A new study says “yes.”

University of Minnesota researchers interviewed the parents of 60 youth basketball players and found that the young athletes commonly had sweets, such as candy, ice cream and doughnuts; pizza; hot dogs; salty snacks, including chips, nachos and cheese puff and soda and sports drinks.

The parents also reported frequent visits to fast-food restaurants when their children were playing sports.

And, even though the parents agreed that these foods and beverages are unhealthy, they said rushing to practices and games made them rely more on these types of products due to their convenience.

The researchers also found that parents had difficulty determining whether certain foods and drinks were healthy. In addition, the parents had doubts about whether it was possible for concession stands at youth sports venues to offer healthy choices.

The study reflects reality

Many parents do, in fact, turn to fast and convenience foods when their kids and teens are involved in sports. Families these days are already stretched thin on time, and being involved in a sport can be a time-consuming activity for the entire household.

Additionally, kids and teens who are involved in sports have higher energy (calorie) needs. “Convenience and fast foods are packed full of the energy these kids need for fuel,” said Laura Hooper, MS, RD, CD, a clinical pediatric dietician at Seattle Children’s Hospital. “Unfortunately, these foods often don’t have the balance of nutrients important for maintaining both performance and overall health,”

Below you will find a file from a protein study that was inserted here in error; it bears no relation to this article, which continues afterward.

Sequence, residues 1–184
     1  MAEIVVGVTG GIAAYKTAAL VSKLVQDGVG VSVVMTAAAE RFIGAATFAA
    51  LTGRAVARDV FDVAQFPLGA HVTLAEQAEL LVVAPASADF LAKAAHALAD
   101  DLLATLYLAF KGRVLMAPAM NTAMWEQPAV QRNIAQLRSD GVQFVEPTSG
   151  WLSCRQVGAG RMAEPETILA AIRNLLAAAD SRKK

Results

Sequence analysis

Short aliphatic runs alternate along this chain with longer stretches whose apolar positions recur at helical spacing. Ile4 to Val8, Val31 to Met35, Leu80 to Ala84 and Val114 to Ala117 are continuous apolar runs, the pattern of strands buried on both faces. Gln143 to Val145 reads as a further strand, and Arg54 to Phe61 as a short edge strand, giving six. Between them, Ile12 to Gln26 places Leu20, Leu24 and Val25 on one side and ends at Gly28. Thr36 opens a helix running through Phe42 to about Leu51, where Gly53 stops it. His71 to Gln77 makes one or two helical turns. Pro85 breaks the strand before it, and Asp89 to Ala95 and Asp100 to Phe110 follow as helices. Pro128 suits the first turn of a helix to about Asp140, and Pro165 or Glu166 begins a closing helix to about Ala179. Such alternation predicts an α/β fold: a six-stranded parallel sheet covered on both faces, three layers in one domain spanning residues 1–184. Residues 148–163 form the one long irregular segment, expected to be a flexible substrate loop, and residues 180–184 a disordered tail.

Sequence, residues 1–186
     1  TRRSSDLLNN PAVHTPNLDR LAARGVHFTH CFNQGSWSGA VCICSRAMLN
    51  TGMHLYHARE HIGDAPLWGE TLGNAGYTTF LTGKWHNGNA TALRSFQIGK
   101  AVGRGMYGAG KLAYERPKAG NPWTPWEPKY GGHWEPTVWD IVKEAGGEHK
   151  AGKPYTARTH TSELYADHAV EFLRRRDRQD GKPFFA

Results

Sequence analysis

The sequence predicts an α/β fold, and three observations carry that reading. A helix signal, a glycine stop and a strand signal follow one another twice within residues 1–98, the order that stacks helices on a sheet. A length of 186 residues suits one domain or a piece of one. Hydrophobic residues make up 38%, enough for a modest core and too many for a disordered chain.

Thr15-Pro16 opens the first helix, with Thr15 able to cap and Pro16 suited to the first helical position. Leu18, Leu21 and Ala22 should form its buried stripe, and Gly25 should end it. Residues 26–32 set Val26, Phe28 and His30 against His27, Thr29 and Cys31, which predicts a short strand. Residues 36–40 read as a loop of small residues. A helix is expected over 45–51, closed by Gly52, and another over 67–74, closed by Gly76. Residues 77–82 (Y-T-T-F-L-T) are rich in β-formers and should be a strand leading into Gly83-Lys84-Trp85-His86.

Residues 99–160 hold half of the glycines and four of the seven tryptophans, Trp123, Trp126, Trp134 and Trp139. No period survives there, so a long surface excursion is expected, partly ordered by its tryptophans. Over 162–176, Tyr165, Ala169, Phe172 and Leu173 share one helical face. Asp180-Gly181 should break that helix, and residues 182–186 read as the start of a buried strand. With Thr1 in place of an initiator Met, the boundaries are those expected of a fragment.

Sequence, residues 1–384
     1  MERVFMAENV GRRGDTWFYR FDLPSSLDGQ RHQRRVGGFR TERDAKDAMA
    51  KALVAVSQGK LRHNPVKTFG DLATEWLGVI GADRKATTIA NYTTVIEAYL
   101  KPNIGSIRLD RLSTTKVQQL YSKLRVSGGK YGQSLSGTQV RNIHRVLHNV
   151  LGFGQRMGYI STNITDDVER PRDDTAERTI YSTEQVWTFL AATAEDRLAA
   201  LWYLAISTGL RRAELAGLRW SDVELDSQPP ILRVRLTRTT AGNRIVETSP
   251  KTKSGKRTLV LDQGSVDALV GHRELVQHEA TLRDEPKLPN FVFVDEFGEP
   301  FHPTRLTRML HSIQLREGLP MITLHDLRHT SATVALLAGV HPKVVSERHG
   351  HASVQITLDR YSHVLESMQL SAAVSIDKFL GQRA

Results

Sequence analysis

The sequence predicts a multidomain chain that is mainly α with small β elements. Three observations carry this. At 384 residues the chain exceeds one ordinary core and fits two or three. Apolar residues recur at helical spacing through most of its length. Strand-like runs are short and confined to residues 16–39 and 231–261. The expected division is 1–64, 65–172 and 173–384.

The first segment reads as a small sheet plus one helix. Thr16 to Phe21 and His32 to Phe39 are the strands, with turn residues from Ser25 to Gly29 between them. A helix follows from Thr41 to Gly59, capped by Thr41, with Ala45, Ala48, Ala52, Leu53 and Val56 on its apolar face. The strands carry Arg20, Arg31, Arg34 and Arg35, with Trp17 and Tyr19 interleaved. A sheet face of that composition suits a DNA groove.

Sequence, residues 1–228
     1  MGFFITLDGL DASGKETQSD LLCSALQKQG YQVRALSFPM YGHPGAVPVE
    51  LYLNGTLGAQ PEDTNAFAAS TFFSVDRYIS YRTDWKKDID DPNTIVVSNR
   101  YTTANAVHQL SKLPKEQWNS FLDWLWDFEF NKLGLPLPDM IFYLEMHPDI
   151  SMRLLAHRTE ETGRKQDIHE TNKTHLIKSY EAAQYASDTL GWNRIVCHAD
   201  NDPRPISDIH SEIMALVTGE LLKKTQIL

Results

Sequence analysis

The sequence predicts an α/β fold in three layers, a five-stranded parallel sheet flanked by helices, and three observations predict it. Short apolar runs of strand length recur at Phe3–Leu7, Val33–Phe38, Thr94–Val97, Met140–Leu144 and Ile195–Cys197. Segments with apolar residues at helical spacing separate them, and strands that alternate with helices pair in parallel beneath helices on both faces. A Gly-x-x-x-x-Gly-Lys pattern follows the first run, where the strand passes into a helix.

Hooper noted that this new data shouldn’t discourage parents from supporting their children and teens as they participate in sports and other activities they really like. “Helping children find a fun physical activity they can participate in and enjoy on a regular basis is one of the most beneficial things parents can do to support their kids’ physical and emotional health,” added Hooper.

How parents can help their athletic child eat healthier

When it comes to eating before, during and after sporting events, it’s important to take time to plan ahead for nutritious, energy-dense meals and snacks. Hooper offers these practical tips for parents to ensure their child athletes get the good nutrition they need:

  • Provide your child or teen with three meals and two-three snacks per day, especially on event days.
  • Bringing food from home can help eliminate the need for convenience and fast food at the last minute.
  • Teaming up with other parents can help ensure that there are plenty of well-balanced meals and snacks available for the team at longer events such as soccer tournaments and swim meets.
  • Provide your child or teen with plenty of water. Sports drinks such as Gatorade or Powerade should be used during play that lasts longer than 60 minutes.

If parents have additional questions, Hooper recommends consulting a sports dietitian, or considering a referral to the Nutrition Clinic at Seattle Children’s Hospital, to help develop an individualized sports nutrition plan.


If you’d like to arrange an interview with pediatric dietician Laura Hooper, please contact the Children’s PR team at 206-987-4500 or at press@seattlechildrens.org.